Wednesday, 9 January 2019

America - Homecoming (1972)


Released November 1972

This was classic folk rock group America's second album. While still based around their intricate acoustic guitar sounds and beautifully harmonious vocals, this is a lot more rocky than their debut album was, employing a more solid drum sound and some firmer bass lines. There is far more use of electric guitar in places too.


1. Ventura Highway
2. To Each His Own
3. Don't Cross The River
4. Moon Song
5. Only In Your Heart
6. Till The Sun Comes Up Again
7. Cornwall Blank
8. Head And Heart
9. California Revisited
10. Saturn Nights                                      

"Ventura Highway" is just a delicious slice of 1970s freeway Americana. It is melodic, airy, catchy ad breezily beautiful. So very evocative of its era. "Alligator lizards in the air...." says one of the lyrics. America had not forgotten their hippy roots. "To Each His Own" is a subtle, mid-pace piano and drums rock number with an ethereal vocal.  "Don't Cross The River" has a CSNY "Marrakesh Express"-style shuffling rhythm at the beginning before it breaks out into a lively country rocker. "Moon Song" has a nice bass line, together with some sumptuous electric guitar and pounding drums too as the song breaks out. The very folk-rock-ish "Only In Your Heart" reminds me of some of Gilbert O'Sullivan's songs from the same period. There is some nice buzzy electric guitar at the end.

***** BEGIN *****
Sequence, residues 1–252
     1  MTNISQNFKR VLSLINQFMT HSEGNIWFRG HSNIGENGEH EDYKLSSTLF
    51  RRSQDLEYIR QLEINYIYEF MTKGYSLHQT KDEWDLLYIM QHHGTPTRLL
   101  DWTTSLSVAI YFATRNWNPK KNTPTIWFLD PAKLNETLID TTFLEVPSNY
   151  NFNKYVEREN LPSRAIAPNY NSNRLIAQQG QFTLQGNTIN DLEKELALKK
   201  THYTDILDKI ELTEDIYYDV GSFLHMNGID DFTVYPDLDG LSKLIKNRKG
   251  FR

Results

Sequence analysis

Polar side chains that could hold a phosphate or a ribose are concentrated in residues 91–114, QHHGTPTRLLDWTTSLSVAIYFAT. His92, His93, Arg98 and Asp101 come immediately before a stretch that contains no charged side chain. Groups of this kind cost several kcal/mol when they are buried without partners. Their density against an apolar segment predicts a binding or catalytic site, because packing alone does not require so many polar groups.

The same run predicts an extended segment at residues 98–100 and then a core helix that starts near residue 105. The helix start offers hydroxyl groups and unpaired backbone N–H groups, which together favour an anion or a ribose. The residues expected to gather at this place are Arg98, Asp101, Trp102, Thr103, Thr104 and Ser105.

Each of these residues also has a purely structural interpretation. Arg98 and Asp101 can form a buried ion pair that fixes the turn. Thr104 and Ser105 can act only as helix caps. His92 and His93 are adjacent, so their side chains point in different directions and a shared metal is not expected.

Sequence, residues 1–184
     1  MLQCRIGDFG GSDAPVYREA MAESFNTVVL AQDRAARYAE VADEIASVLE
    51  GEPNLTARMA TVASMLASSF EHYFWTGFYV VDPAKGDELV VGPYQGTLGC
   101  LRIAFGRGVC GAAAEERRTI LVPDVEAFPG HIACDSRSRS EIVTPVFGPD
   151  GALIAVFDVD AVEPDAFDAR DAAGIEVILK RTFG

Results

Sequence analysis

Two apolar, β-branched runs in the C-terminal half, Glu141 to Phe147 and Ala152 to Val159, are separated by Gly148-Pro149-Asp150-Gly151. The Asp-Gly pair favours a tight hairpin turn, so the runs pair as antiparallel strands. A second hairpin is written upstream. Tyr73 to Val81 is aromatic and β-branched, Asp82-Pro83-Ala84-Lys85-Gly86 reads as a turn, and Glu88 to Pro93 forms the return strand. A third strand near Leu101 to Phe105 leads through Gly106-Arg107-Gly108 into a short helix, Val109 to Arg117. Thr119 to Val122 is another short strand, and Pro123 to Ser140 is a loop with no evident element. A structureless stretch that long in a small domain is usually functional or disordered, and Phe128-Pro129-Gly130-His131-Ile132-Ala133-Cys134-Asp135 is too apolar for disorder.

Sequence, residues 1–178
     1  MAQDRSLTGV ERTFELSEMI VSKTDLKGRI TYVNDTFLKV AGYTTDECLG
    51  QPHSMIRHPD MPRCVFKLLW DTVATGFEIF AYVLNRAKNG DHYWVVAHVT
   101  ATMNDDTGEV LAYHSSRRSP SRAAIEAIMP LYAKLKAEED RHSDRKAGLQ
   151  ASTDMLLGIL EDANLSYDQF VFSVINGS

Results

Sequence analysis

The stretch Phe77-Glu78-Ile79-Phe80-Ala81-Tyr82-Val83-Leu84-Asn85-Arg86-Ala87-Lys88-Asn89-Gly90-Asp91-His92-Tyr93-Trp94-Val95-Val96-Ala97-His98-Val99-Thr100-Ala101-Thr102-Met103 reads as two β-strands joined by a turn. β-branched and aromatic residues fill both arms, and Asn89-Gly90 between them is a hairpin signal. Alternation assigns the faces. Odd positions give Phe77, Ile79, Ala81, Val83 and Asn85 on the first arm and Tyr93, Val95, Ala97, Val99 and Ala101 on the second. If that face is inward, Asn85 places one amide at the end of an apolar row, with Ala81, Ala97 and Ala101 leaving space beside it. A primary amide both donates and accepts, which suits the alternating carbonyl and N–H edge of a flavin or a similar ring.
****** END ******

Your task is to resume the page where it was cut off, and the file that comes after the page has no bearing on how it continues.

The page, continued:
"Till The Sun Comes Up Again" has an infectious rhythm to it and more of that gentle breeze effect in its quiet, peaceful feeling. Although rock drums are used, they are never overpowering. "Cornwall Blank" is a very Neil Young-influenced track, of which there were always one or two on America albums. Some more nice guitar on here, both electric and bass and some captivating percussion as well. "Head And Heart" is a beautifully sung acoustic number.

"California Revisited" is a perfect example of captivating early seventies folk rock. Lovely guitar, bass, drums and vocals and just a general laid-back but gently rocking feel. It really rocks out at the end though too, like many America tracks do, ending on a strong upbeat note. "Saturn Nights" is a beguiling piano, bass and drum backed number to close the album. As with the debut album, you can't possibly listen to this album and not pick up on its relaxing nature.


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